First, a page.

Tragic Glamour

A Photo Exhibition By Christopher Logan and Derek Warburton
Article compliments of Project Publicity, Jeff Dorta and Len Evans
© Diversity Rules Magazine and Project Publicity.  All Rights Reserved.
www.diversityrulesmagazine.com

Tragic Glamour 2Photographer Christopher Logan and stylist Derek Warburton will shine the bright light of day on nightlife glitterati Richie Rich when they present their photo exhibition, Tragic Glamour, at the Pop International Gallery (473 West Broadway, NYC) on Wednesday, July 11. 

It is the newest work from the duo that sparked headlines last month with their provocative images of NBA player (and Kim Kardashian ex-husband) Kris Humphries.  That collection, published in WestEast Magazine, revealed a stripped down Humphries in underwear and a partially bared chest; capturing a dark, raciness rarely seen from American pro athletes today. In Tragic Glamour, Logan and Warburton continue in their quest to showcase the concealed life of notables.  Yet, these images with Richie Rich and his boyfriend Ross Higgins offer the flipside to Logan and Warburton’s previous works that have focused on daytime personalities at night.  Tragic Glamour is a glimpse at nocturnal celebrities living under the harsh light of day. 

“At night, in front of the flashing light bulbs of the red carpets, Richie and Ross radiate like beautiful peacocks,” says celebrity stylist Derek Warburton AKA Derek Fabulous. He has worked with Beyonce Knowles, Zach Braff and Molly Sims, and appeared on season three of the Bravo’s The Real Housewives of New York City. “Yet what works at night doesn’t always work during the day.” 

The idea for Tragic Glamour was conceived when Warburton happened upon Rich and Higgins on the street in the East Village of New York City last year.  “They were dressed in lavish couture will full beaten make-up,” he recalls. “Yet they were roaming the streets like high fashion vagabonds.  They were literally dressed with no place to go…  It felt a bit sad, tragic even.”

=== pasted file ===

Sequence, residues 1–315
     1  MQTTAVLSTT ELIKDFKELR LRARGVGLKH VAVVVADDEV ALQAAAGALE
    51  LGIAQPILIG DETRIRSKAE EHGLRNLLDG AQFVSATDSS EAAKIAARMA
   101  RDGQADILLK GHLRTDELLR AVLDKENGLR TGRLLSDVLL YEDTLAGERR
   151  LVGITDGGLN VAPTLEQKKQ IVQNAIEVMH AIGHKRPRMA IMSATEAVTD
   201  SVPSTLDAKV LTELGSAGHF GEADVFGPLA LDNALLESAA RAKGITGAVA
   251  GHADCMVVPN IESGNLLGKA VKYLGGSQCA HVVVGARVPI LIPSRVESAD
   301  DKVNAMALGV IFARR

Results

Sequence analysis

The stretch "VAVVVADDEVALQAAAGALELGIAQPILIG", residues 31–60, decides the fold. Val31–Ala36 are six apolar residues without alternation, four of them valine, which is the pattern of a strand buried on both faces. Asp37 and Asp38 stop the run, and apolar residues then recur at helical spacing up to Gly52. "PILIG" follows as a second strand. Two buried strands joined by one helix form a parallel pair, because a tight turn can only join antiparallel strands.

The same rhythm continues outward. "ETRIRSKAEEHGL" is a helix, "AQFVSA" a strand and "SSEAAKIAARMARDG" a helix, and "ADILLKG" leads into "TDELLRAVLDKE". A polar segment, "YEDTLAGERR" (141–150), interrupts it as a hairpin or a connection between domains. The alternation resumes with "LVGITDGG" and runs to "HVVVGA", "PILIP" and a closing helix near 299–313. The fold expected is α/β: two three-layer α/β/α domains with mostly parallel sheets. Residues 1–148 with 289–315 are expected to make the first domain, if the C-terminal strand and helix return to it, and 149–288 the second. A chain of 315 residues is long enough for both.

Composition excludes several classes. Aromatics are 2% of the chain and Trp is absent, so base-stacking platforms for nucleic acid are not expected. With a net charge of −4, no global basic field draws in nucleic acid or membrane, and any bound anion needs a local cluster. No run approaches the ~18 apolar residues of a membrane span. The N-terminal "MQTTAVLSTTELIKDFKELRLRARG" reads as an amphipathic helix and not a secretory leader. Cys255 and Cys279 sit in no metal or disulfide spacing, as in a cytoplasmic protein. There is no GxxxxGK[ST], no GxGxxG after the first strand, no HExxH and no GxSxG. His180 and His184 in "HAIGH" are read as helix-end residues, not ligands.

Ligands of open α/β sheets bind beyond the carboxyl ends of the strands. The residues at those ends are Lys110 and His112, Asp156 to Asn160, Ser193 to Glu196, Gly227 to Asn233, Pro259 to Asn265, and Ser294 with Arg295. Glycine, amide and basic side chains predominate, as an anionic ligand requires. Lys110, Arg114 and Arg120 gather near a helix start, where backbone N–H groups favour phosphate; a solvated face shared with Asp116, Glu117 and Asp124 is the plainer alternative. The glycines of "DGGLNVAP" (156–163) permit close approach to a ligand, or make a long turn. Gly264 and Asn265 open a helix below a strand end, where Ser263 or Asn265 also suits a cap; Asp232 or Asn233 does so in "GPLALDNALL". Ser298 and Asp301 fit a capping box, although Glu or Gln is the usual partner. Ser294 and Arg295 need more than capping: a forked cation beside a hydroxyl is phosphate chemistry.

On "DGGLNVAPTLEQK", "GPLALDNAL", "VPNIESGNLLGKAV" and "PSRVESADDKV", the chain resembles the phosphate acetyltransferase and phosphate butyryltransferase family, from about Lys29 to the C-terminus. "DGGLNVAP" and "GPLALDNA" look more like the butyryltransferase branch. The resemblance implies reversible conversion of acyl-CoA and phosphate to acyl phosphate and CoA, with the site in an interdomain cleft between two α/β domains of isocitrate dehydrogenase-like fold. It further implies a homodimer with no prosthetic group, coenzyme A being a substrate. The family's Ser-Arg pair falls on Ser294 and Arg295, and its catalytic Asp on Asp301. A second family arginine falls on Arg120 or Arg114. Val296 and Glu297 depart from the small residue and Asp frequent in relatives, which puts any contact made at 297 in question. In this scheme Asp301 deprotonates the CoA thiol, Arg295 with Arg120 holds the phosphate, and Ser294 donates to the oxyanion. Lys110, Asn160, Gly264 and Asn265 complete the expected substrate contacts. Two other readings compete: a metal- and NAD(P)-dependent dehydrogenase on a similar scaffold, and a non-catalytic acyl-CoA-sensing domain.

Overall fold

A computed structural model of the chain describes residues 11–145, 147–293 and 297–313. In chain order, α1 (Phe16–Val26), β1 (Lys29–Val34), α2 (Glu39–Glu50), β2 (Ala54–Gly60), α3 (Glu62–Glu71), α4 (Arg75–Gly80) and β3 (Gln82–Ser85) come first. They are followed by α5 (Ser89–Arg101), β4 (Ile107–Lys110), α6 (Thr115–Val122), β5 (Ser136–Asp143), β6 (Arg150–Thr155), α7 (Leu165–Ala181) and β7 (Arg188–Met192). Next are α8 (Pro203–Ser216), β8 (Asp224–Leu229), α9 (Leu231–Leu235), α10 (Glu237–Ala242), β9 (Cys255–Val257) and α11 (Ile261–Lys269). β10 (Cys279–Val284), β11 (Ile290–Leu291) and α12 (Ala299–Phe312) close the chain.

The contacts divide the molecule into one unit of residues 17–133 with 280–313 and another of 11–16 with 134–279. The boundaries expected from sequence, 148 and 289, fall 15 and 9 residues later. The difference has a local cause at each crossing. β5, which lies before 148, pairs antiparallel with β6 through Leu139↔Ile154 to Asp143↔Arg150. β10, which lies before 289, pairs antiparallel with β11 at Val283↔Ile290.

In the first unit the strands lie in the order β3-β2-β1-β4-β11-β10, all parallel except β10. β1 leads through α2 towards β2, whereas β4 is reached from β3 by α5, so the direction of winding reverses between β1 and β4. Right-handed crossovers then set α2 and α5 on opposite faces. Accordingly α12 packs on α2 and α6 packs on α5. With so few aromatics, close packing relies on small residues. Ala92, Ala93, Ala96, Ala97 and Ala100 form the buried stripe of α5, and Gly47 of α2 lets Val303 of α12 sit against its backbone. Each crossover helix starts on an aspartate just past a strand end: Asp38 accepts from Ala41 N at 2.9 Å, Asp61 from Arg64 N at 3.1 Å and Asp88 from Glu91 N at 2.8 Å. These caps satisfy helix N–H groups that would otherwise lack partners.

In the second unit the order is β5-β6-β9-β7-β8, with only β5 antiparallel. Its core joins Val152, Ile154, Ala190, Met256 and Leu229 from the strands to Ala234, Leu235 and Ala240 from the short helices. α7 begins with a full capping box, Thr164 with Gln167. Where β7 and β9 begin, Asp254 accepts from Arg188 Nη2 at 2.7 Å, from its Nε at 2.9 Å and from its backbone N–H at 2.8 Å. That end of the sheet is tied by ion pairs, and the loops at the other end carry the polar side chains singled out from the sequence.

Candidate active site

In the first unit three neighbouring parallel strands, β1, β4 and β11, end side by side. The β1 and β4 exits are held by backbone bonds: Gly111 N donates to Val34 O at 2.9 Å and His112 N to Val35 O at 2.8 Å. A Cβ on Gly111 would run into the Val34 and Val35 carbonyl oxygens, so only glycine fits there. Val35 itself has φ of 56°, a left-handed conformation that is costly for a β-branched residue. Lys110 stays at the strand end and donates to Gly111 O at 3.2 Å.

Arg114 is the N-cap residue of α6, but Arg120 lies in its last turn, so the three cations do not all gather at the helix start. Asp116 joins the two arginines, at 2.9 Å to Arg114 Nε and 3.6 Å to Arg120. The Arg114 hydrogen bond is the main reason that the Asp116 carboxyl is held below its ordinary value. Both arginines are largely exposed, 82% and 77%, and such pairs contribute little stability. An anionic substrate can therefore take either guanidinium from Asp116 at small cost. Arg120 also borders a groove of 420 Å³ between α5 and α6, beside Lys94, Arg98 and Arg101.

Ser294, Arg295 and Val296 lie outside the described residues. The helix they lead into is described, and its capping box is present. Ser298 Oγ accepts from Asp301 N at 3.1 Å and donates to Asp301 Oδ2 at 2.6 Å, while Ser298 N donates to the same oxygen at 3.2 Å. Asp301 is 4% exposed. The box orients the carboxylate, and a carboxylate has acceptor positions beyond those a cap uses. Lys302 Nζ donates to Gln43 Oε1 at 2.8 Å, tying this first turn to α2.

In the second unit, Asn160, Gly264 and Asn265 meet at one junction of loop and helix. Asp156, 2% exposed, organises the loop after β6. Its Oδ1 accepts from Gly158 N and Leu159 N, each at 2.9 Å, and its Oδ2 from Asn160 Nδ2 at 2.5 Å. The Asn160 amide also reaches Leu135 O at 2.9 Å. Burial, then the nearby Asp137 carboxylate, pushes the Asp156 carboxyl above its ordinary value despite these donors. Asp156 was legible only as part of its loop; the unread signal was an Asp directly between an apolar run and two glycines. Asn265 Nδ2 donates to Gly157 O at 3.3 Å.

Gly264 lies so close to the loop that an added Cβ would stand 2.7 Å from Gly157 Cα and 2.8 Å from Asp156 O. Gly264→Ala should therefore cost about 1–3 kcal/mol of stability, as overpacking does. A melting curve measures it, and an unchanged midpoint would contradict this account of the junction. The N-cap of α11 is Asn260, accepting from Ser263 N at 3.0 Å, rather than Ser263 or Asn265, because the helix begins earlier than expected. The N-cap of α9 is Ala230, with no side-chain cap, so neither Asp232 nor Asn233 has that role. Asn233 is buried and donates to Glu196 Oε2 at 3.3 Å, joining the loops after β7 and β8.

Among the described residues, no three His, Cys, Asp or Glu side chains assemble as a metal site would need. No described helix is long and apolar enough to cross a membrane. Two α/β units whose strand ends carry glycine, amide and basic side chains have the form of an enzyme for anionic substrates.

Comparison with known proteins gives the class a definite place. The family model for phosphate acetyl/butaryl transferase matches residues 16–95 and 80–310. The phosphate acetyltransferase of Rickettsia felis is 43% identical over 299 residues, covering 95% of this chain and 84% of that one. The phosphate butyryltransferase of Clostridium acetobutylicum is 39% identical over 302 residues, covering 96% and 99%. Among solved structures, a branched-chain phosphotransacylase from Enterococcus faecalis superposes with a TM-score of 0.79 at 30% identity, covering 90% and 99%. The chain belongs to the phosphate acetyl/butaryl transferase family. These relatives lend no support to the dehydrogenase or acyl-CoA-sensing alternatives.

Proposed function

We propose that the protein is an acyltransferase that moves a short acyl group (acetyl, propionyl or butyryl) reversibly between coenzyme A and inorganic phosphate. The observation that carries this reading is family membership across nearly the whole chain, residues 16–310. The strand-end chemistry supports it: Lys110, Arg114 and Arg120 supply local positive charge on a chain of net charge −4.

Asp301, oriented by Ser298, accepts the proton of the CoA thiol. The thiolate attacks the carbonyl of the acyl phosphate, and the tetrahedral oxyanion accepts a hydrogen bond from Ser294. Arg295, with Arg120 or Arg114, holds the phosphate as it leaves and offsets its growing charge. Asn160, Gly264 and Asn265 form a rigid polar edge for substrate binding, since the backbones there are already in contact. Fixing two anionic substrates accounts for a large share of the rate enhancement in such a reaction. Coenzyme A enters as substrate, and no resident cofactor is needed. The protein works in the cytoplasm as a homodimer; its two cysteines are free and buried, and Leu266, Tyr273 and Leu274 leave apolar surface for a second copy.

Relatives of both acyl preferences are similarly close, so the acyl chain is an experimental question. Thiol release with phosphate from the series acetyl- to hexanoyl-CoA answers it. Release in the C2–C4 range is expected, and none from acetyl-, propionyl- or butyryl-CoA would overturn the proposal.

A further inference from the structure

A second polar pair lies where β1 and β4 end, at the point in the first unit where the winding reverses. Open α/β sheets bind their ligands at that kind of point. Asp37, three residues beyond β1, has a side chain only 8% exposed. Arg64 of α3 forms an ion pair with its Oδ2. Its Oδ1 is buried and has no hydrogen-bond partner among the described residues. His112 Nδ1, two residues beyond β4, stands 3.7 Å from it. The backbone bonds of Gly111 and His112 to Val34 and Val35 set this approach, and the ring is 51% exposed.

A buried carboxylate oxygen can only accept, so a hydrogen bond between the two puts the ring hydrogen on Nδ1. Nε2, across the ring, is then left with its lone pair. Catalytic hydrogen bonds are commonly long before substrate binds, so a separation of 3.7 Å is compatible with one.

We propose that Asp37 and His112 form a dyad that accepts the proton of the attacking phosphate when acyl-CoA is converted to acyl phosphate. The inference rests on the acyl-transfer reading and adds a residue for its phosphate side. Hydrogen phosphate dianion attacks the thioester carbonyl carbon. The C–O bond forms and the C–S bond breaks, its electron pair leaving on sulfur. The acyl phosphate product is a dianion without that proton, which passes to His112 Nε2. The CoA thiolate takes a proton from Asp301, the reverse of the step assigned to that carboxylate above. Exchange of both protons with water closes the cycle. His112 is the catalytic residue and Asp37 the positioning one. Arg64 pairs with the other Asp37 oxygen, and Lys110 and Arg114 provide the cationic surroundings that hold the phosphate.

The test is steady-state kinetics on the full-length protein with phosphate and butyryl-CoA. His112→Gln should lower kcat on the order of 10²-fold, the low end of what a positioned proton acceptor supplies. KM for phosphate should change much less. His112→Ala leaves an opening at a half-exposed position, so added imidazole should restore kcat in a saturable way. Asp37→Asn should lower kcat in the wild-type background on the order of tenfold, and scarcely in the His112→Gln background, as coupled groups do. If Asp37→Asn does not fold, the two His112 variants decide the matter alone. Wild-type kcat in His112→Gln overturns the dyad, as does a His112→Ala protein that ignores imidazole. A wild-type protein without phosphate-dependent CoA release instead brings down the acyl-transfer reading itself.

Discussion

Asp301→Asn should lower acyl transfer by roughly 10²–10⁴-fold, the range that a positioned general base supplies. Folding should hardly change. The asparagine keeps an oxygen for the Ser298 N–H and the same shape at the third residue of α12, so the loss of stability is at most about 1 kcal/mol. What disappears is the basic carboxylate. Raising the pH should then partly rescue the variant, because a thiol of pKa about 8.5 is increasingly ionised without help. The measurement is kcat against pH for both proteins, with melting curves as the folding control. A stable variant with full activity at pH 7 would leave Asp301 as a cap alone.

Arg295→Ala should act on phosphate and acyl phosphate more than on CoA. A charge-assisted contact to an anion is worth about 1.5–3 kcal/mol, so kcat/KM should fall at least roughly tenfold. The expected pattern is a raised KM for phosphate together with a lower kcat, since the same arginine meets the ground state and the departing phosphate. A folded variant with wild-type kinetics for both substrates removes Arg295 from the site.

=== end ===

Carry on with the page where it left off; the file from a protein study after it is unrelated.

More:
“It occurred to me how Richie Rich is a victim of what America has become today where one minute, celebs are idolized and the next forgotten.”

Richie Rich co-founded the fashion design house Heatherette in 1999. The label’s popularity exploded when Foxy Brown, Lil’ Kim, Gwen Stefani and a bevy of Hollywood’s finest began wearing their clothes.  Heatherette’s runway show were famously populated with the likes of Paris Hilton, Mena Suvari, Lydia Hearst, and many of New York’s most notorious drag queens.  The hard-partying label’s success eventually began to plummet when they lost their financial backing in 2008.

Similar to the characters depicted in the work, Logan’s prints are larger than life with canvases measuring 48×60 and 30×40. “I wanted the photos to be gigantic; to push beyond the boundary of what is considered acceptable-sized art. It’s a nod to Richie Rich whose entire career has been built on amplifying preconceived notions of normalcy.”

Though less known, Logan felt it was important to include Ross Higgins in the exhibit because of the magnetic energy the real-life couple emits when they are together.   He says there is a lot the world can learn from the vibrant duo.  “Most people take themselves too seriously.  We stifle our creativity when we should be embracing our color within.”

Tragic Glamour is open for viewing at the Pop International Gallery (473 West Broadway, NYC) on Wednesday, July 11.  For more information, visit christopherloganstudios.com.

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